Growing your business

Growing Your Business in Uncertain Times

As the second quarter begins, the outlook for growing your business is starting to brighten.

  • Our economy is projected to grow by 2.7% — up from 2.1% projections.
  • We’re forecasted to welcome 5.5 million visitors this year — up 103% from 2020.
  • Real GDP only fell by 7.5% — which is a smaller decline from earlier forecasts of 11.7%.
  • Consumer confidence hit its highest level last month since the start of the pandemic.
  • And, over 35% of adults in the state have received at least one dose of the vaccine.

Hawaii’s road to recovery will be long and filled with obstacles but we celebrate these small wins anway. It gives us a glimmer of hope that our economy will rebound faster than what was initially predicted.

So what’s next?  

Right now, owners and managers all over the country are thinking about how to grow their business in the coming year…and so should we. 

The pandemic recession has deeply hurt Hawaii’s tourism industries. Recovery in these industries—even a partial one—is going to require a significant amount of hiring. The U.S. economy added 916,000 jobs in March.

Every single leader must focus their priorities on how to plan and operationalize their organization for business growth and scale in the coming months. For some leaders, this may mean taking a step back from working in your company to working on your company.

Here are 3 things to consider when growing your business in uncertain times. 

  1. Unemployment rates are high — but hiring remains a challenge. 

Higher unemployment rates suggest that there are more available workers in the hiring pool. But for many businesses, filling open positions remains a challenge. The fact is that collecting unemployment, or waiting to see what other benefits are offered through the new administration, remains an attractive strategy for some workers. 

It will take businesses longer to fill open positions and reduced services will be prolonged. This delay can have a ripple effect on profitability (and morale too). Knowing this, employers can take steps now to reframe their hiring pitch, review their benefits package for its competitiveness, optimize (or even automate) manual hiring processes, assess employee sentiment and the like. Don’t wait. Do it now.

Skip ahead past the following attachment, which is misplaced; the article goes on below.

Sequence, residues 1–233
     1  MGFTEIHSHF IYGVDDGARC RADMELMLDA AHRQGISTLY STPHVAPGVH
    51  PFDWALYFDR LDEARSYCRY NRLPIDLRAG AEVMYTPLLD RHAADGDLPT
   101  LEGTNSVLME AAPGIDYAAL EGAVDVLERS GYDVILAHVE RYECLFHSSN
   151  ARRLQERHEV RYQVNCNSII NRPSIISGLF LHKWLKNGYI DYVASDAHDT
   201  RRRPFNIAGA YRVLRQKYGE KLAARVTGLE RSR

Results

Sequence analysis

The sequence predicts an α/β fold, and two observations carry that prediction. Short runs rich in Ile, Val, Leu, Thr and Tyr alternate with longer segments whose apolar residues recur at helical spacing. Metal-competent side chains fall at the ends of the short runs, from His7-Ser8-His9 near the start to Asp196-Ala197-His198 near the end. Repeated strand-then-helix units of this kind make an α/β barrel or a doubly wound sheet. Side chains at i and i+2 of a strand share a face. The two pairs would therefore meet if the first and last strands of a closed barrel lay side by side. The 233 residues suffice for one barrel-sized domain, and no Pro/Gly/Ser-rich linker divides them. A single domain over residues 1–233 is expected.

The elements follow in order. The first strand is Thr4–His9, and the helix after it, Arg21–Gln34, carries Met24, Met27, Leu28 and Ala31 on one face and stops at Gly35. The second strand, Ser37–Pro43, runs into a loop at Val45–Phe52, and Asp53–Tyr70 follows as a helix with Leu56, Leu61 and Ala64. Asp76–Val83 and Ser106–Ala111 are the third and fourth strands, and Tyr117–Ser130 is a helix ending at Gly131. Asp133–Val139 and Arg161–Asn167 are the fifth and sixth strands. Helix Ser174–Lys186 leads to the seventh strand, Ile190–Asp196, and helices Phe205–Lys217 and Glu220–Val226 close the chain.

1. Don’t overlook loyalty — reward it!

As the market is now waking up, don’t undervalue the loyalty of your customers who stuck with you when the bottom fell out of our economy. Reward them! Even the smallest of discounts or incentives are appreciated, and these perks are often what keeps customers engaged

Sit down and really challenge yourself to come up with a creative approach to customer loyalty. It can be a lifeline, as well as a critical part of your business growth strategy. And not just customer loyalty, think about vendors or employees who were willing to be flexible during the pandemic. If you deepend or expand on these relationships, you may find a mutually beneficial opportunity for everyone. 

  1. Business growth shouldn't look like doing more of the same thing — or doing it faster.

Lastly, as we rebuild our businesses and our way of working, creating value for customers, employees, stakeholders, and partners must remain at the core. While cost reduction and operational efficiencies are important, if businesses focus solely on these defensive strategies, innovation and value creation cannot flourish.

There is a profound opportunity to examine what’s worked for your business and customers during difficult times and translate that into new ways to rebuild your business for the future. What new thing will you try to help you bounce back? Pose this question to your managers, employees, vendors etc. Their answers may surprise you. 

 Want to know how ProService makes growing your business easier? Schedule a quick 15-minute business consultation to learn more. 

Similar Posts